In 2016, the actress Haley Bennett was positioned as the next big thing: a total star, with plump porcelain cheeks blushed by the softest rosacea. She was hailed as an exciting new actress, a babe. Bennett costarred in The Magnificent Seven, The Girl on the Train with Emily Blunt, and a handful of other films that year. Then—professionally, anyway—she appeared to slow down.
“Gosh, it’s funny, because 2016 feels like it was yesterday,” Bennett said on a recent Tuesday afternoon. She was in New York for the week, and paid a visit to the art and antique gallery Dienst and Dotter, in NoHo, which belongs to a friend of hers.
It turns out, during that time, Bennett went through the most transformative changes of her life, both career-wise, and within herself. She had a baby, starred in the stage production of Cyrano de Bergerac with Peter Dinklage, and produced her first film, Swallow, which comes out in theaters today. Bennett stars as well. And through all this, she took control of her own life, and found her voice.
“Cooling off certainly wasn’t my intention,” she explained of the past few years. “I guess I was redirecting a focus toward having greater control, and refocusing my work in a way that was more meaningful to me so that my process made more sense—and kind of giving up on the beliefs that others had regarding my career.”
This shift started with Swallow, the story of a young, newly wed housewife named Hunter, who marries into a wealthy family. She develops pica, a psychological disorder that causes a compulsion to eat things that are inedible: a thumbtack, a marble, dirt. Hunter is also pregnant—making her tendency to swallow household goods even more horrifying. But there is something about Hunter, something that is revealed in the movie, which lurks beneath the surface and sheds light upon her anxieties and mental-health issues.
At the time she filmed Swallow, Bennett herself was two months pregnant, lending another dimension of understanding that the actress felt toward her character.
“It isn’t always the case that every child is born loved, cared for, protected, adored, in a fun, creative, loving, home,” Bennett explained. “And when you’re not born of those things, it creates a whole slew of issues—this feeling of not having self-worth or trying your entire life to prove yourself, or prove your value. And I think that it has really negative impacts upon women, specifically. It’s part of a greater conversation that creates toxic situations for women. And in this case, it’s where we meet Hunter.
“Hunter is designing her house in a way that she feels everyone else wants her to,” Bennett continued, referencing the Swallow storyline, in which her character spends her days occupied with the interior design of the new home she buys with her husband. “There is this very polished, tidy veneer, from the way that she takes on these roles of host, homemaker, wife—she wants to be the perfect wife. The perfect mother. And I really appreciate and like stories where there’s something lurking beneath the surface that’s trying to find its way to breaking through. It was important for us that, even with this veneer, there were moments of honesty and truth and an indication that this was a role that she was playing. Rather than her true, authentic self. And certainly, as time goes on, you feel a gradual sense of this veneer fading. And eventually the film becomes hyperrealistic.”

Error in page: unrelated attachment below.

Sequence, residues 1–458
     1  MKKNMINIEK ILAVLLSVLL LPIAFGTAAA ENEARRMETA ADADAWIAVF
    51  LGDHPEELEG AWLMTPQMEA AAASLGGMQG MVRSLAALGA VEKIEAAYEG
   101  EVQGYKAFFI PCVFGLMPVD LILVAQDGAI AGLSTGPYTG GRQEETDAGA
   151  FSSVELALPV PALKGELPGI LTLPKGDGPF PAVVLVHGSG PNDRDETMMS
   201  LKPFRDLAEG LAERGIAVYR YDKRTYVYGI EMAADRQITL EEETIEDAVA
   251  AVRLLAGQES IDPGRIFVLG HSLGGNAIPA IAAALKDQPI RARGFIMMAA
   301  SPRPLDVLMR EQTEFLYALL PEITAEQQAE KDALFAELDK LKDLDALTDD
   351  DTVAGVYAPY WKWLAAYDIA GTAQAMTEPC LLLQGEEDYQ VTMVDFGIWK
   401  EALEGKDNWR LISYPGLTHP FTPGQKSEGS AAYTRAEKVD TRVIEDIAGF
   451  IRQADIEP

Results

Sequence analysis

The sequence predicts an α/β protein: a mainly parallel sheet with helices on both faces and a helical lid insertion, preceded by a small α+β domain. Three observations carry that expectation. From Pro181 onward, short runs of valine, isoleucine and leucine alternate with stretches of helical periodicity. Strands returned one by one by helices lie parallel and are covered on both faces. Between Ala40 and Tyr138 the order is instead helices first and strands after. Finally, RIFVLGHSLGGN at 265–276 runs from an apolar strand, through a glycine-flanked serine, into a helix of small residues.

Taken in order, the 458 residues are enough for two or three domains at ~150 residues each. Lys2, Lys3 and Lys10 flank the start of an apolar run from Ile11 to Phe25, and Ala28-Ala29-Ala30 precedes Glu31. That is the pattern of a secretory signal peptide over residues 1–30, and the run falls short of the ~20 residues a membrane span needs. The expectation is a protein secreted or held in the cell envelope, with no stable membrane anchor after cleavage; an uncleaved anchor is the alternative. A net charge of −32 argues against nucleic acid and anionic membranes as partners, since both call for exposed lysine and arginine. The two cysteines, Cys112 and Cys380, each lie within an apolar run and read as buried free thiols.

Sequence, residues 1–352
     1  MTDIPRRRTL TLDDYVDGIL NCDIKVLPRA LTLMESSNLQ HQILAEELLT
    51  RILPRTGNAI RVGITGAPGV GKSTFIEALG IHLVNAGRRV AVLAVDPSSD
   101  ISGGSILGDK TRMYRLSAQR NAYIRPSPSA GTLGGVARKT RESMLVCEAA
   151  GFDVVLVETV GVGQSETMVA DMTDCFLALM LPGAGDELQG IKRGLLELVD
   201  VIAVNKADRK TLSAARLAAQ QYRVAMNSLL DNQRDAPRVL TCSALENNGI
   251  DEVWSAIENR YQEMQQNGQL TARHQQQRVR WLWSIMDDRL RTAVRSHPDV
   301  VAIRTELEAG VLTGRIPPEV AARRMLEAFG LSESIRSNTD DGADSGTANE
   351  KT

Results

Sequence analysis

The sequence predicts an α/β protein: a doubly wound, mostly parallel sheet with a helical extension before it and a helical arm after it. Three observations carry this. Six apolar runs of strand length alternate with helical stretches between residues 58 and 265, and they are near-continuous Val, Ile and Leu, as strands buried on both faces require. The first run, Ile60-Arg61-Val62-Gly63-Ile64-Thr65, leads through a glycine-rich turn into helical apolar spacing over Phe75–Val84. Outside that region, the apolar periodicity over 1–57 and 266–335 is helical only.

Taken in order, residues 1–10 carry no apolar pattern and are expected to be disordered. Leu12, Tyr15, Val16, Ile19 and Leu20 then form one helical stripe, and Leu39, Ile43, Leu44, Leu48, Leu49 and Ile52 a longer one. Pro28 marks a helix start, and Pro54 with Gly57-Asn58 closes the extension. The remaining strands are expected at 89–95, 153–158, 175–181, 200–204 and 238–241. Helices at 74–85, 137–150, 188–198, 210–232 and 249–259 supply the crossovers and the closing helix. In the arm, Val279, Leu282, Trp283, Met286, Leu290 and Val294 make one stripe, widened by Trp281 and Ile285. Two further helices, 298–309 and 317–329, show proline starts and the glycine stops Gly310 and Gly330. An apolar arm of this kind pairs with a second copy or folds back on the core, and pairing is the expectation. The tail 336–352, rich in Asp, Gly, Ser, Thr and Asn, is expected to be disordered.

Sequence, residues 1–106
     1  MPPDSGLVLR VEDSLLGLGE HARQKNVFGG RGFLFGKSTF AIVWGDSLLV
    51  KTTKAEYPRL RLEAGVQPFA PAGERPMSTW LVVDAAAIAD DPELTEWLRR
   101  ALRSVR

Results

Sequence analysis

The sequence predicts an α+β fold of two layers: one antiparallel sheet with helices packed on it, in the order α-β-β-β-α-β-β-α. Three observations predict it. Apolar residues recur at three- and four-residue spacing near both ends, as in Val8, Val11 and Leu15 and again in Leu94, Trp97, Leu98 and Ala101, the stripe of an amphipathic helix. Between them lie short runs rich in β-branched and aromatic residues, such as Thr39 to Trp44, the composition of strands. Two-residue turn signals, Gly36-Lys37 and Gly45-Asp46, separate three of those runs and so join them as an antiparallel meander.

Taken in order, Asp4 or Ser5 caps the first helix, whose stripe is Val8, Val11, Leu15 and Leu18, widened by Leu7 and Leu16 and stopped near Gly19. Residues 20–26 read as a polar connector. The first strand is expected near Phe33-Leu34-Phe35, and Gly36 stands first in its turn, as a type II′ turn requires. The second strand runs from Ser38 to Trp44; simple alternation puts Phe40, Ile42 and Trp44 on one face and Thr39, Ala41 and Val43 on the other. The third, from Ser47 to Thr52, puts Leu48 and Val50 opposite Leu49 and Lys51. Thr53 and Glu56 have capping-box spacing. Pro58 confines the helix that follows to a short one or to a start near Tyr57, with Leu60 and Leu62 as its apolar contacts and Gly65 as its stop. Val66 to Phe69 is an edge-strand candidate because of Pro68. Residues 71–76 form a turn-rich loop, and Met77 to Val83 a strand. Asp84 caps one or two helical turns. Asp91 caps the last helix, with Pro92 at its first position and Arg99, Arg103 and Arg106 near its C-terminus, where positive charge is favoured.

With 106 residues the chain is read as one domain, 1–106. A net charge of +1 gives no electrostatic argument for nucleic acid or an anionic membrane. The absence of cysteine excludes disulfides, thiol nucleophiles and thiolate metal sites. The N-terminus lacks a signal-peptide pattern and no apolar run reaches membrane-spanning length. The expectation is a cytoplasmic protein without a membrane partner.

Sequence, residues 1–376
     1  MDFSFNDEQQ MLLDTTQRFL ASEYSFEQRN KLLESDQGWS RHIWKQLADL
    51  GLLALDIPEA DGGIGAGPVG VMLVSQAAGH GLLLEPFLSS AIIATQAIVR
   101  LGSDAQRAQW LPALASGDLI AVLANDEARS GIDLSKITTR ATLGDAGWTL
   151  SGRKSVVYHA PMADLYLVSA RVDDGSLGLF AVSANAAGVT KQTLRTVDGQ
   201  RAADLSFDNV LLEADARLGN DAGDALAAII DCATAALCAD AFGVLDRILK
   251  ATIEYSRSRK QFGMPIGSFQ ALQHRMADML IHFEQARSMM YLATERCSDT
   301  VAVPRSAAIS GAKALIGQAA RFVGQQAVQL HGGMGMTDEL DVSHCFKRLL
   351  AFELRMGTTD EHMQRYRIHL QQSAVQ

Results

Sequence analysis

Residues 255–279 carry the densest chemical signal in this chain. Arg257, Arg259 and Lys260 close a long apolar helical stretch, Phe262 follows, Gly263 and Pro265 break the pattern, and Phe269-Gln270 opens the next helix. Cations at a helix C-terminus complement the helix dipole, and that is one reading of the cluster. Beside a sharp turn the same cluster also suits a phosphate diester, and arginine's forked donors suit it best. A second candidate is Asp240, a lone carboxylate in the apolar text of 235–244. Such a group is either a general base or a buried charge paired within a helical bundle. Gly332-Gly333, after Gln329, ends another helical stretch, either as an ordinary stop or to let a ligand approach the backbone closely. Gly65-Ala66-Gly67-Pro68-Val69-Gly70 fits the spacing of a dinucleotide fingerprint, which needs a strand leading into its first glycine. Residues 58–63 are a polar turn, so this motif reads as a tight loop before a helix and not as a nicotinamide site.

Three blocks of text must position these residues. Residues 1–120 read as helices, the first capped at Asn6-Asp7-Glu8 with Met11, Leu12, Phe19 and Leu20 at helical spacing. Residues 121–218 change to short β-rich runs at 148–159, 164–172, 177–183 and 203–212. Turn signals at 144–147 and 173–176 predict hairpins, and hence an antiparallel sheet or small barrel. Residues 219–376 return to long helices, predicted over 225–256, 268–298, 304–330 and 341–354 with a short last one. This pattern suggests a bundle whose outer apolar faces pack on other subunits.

After choosing to participate in Swallow as both an actor and an executive producer, Bennett felt inspired to pursue more roles that were multidimensional, layered, and complex. As a result, she has two more upcoming films: Devil All the Time and Hillbilly Elegy, which also stars Amy Adams and Glenn Close. Seated at a backgammon table in the art gallery, she recalled playing the game with Close nonstop on set.
“We were backgammon maniacs,” she said. “It’s all we did in our spare time. That and puzzles.” Resting upon the the backgammon table was a blue leather-bound notebook, containing bits of the script from Swallow, and notes that Bennett had written about her character while she got to know her. She described it as her baby, a relic from the set—part of her process and the way she worked, all of the prep she did, and a detailed examination of the text and her relationship with it.
“I carry it around,” she said. “It reminds me of the truth of why I love doing what I do, and creating, and what I’m able to create through my experience.”
The way that Bennett spoke about her role as Hunter, it was as though she were discussing someone close to her—and in some ways, it sounded like she saw some reflection of herself. Indeed, she admitted every character she plays has a bit of her in them. But Hunter especially had some crossover with Bennett, who went through her own self-discovery during filming. She realized she’d spent her entire career being patronized, told how to look, and where her career as an actor should go. Like Hunter, her individual spirit and beliefs were somewhat stifled, as the narrative of her life was further foisted upon her. Both she and Hunter broke themselves free of all that.
“It’s an original and universal story about someone who seems like a passive character, but she ends up becoming a powerful character,” Bennet said. “Not in a grand way, not in a superhero way, not in a Captain America way. But in terms of taking control of her life, and doing extraordinarily difficult things like investigating one’s trauma, shame, and then giving that shame back. She’s someone who, ultimately, doesn’t give in to the expectations of others. And that’s something that I want to teach my child: to be an individual, to take control of their life, because I’m the only one who has to live my life.”